Monday’s state Supreme Court ruling that cities can choose to ban medical marijuana dispensaries counts as a setback—assuming setbacks can be measured by nothing lost, nothing gained.
According to local medical marijuana collective operators and advocates, the court’s unanimous decision did little more than uphold the status quo, after the city of Riverside’s decision in 2009 to declare a moratorium and shutter 56 dispensaries. The ruling now upholds bans in about 200 other California cities, including local municipalities such as Palo Alto and Gilroy.
But the same industry experts who dismiss the court’s decision as inconsequential also see a silver lining. The road to legalization is now paved for radical change in coming years.
“Patient access is a now a checkerboard, and that doesn’t make any sense,” says James Anthony, an attorney out of Oakland who specializes in cannabis dispensary land use. “Hopefully, regulation coming out of the state level will mandate, or at least encourage, local governments to control the zoning but not control whether or not medicine is accessible.”
Assemblyman Tom Ammiano (D-San Francisco), author of one of two bills working their way through the state legislature, says he hopes the Riverside decision will prompt lawmakers to action.
His bill would form the “Division of Medical Cannabis Regulation and Enforcement” within the Department of Alcoholic Beverage Control (ABC). Meanwhile, Senate President Pro-Tem Darrell Steinberg (D-Sacramento) and Sen. Mark Leno (D-San Francisco) have their own bill—SB439—that would regulate medical cannabis activity in-state.
“There’s every reason to believe the legislature, with the pro-tem’s support in the senate, will support medical cannabis regulation,” Anthony says. “Next year, we implement those changes.”
The real push for outright legalization is scheduled for 2016.
Despite poll numbers showing that a majority of Californians now supports the regulation of marijuana similar to alcohol, a lesson was learned from Prop. 19’s failure in 2010: Go to voters during a Presidential election, when turnout is greater.
“It’s a rookie move to try and push for 2014,” Anthony admits.
San Jose Mayor Chuck Reed announced Tuesday he was happy with the court’s ruling, but his city is “focused on providing a balanced approach to regulating medicinal marijuana so those who are seriously ill might have access in compliance with state law, while protecting our neighborhoods.”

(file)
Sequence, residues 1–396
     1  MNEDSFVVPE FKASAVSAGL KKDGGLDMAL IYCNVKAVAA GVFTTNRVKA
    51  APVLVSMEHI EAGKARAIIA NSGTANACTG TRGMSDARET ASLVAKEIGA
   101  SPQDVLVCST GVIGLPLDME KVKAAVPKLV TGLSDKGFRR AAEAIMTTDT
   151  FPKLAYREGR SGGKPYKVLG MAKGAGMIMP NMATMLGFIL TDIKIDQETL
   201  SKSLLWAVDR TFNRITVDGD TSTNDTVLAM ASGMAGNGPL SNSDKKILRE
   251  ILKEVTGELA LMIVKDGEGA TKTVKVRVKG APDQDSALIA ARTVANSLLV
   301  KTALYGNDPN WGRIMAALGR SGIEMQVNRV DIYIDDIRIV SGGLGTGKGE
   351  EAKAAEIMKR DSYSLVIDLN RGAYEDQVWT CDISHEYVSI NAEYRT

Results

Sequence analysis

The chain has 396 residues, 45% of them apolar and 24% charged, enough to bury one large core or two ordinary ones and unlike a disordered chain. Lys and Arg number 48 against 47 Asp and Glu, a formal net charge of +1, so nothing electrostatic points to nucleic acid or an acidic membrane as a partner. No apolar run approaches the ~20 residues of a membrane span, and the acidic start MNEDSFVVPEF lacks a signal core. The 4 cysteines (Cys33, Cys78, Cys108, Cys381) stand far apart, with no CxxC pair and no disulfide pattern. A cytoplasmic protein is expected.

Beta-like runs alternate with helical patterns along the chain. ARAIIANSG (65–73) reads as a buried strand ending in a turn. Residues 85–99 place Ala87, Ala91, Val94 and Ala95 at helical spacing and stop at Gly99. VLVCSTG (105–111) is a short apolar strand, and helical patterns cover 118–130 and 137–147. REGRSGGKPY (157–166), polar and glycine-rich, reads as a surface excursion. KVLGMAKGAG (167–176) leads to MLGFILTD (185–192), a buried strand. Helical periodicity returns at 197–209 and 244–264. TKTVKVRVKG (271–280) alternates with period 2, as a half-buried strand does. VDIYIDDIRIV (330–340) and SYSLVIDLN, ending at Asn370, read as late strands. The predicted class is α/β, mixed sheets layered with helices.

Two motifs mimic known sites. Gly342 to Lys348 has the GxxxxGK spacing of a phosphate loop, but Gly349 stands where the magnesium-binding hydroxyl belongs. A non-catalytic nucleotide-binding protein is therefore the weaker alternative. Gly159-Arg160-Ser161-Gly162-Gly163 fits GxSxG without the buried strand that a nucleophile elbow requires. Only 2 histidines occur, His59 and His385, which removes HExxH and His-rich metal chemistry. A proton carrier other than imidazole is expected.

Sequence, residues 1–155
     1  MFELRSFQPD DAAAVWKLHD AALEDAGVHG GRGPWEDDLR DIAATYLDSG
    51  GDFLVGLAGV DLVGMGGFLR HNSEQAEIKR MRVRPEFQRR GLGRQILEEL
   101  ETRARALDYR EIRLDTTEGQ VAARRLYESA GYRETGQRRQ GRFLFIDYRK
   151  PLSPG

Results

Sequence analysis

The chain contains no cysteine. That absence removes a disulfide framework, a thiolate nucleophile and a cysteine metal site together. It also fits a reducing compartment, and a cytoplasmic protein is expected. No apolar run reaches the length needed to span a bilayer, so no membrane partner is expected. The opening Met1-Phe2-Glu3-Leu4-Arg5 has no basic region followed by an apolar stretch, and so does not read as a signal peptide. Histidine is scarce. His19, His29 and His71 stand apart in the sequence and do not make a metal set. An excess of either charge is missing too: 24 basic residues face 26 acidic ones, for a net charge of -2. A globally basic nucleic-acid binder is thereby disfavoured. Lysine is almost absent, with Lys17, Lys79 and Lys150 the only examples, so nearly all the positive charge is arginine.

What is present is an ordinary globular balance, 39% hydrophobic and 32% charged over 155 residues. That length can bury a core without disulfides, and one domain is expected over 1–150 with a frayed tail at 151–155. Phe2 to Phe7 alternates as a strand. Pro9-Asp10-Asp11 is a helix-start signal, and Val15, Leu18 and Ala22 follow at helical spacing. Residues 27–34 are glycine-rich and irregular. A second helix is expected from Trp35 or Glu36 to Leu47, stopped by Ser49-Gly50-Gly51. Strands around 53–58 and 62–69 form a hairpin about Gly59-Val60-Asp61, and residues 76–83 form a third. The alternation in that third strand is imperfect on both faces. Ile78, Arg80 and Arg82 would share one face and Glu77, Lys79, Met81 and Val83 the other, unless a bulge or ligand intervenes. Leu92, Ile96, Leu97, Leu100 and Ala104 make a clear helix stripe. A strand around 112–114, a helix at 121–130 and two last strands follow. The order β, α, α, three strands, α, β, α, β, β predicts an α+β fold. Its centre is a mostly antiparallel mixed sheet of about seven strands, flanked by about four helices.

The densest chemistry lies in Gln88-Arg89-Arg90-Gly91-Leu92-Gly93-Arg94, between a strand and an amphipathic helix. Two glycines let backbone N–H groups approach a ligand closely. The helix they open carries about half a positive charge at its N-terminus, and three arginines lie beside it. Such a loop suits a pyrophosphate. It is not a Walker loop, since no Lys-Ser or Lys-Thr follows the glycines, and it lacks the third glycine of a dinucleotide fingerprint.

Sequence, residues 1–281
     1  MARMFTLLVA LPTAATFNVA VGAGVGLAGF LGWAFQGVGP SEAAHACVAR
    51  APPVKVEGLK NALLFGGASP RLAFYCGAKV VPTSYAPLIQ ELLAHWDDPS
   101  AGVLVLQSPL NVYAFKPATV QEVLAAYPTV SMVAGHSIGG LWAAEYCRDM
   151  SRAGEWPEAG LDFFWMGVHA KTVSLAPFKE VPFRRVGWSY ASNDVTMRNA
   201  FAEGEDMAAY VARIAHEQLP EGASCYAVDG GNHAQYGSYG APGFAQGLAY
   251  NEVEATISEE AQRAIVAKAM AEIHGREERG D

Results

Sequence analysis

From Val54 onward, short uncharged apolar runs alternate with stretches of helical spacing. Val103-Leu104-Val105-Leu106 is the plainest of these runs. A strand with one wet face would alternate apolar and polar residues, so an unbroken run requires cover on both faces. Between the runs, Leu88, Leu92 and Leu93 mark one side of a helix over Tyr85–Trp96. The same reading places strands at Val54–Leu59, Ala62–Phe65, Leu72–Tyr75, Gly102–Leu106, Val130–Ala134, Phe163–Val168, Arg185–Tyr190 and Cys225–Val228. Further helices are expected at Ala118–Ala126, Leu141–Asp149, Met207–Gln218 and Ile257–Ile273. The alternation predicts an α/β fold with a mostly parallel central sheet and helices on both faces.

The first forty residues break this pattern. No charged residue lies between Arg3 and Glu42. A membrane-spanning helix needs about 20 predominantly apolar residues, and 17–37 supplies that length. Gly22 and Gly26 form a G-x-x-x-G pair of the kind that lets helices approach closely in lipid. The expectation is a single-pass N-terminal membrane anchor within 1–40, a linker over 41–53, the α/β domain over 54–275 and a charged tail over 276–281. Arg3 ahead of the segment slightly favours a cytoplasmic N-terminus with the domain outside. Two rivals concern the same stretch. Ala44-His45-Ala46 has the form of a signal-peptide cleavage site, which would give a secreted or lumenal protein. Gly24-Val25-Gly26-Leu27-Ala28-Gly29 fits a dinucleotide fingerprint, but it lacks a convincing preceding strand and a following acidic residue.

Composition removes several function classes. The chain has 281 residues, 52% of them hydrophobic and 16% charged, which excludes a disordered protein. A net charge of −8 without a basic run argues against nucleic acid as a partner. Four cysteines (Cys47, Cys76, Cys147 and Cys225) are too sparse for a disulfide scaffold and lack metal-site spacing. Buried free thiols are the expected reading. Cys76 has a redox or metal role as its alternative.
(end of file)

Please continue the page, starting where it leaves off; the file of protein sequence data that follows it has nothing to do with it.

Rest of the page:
Reed then went on to show the inherent conflict in such an approach by noting that “none of the facilities currently operating in San Jose is doing so legally. Our zoning code doesn’t have provisions for medical cannabis facilities.” This hasn’t stopped the city from attempting to collect a 7 percent sales tax on gross receipts from the city’s 100 or so collectives.
San Jose councilman Ash Kalra noted the “inconsistent” approach San Jose has taken, as it castigates collectives for illegal activity and then puts out a collection plate.
“That’s part of the ‘Catch-22,’” Kalra says. “I don’t think anyone has a problem taking the tax money from them, but at the same time there’s not much guidance that we’re providing, because we don’t have [a city] ordinance in place.”
Attempts to enforce the tax have been ineffective at best, and San Jose Councilman Sam Liccardo agrees that local governments are often unequipped to handle a drug that is still listed federally controlled substance.
“Cities don’t have the capacity to regulate drugs and shouldn’t be put in that position,” Liccardo says. “What we need is the [Food and Drug Administration] to deal with this, so we have legitimate pharmacies instead of these fly-by-night dispensaries.”
All things considered, it’s been a tough go lately for Bay Area dispensaries. U.S. Attorney Melinda Haag has been threatening dozens of San Jose landlords with prison time if they didn’t evict their pot-peddling tenants, and there is some debate if she is following U.S. Dept. of Justice orders or “going rogue” in some kind of cannabis jihad.
One collective owner tipped off the Oakland-based East Bay Express to the intimidating letters, according to an article last month.
“Haag threatened the landlord with property forfeiture, 40 years in prison, and asset seizure, among other penalties,” the article states.
San Jose, for one, finds itself in a sticky position when it comes to endorsing Haag’s efforts, as the city now collects more than $3 million a year in tax revenue while consistently experiencing budget shortfalls. Liccardo’s office says a public meeting is scheduled for May 21, when the city will discuss raising the cannabis sales tax to 10 percent. On June 4, the City Council could consider passing the new rate.
Dave Hodges, founder of the San Jose Cannabis Buyers Collective, says the local marijuana business tax is pointless until the city recognizes its dispensaries as legally legitimately zoned businesses. He’s not opposed to paying taxes, he says, but he will sue the city over the legality of the current tax until the city comes up with a legit zoning category for local pot clubs.
“We are opposed to paying a tax when doing so is ‘illegal under San Jose law,’” he wrote to the city on Monday. “If the city implemented a registration or permit process legally allowing cannabis clubs, we would be more than willing to pay the current tax and drop our lawsuit.”
Josh Koehn contributed to this report.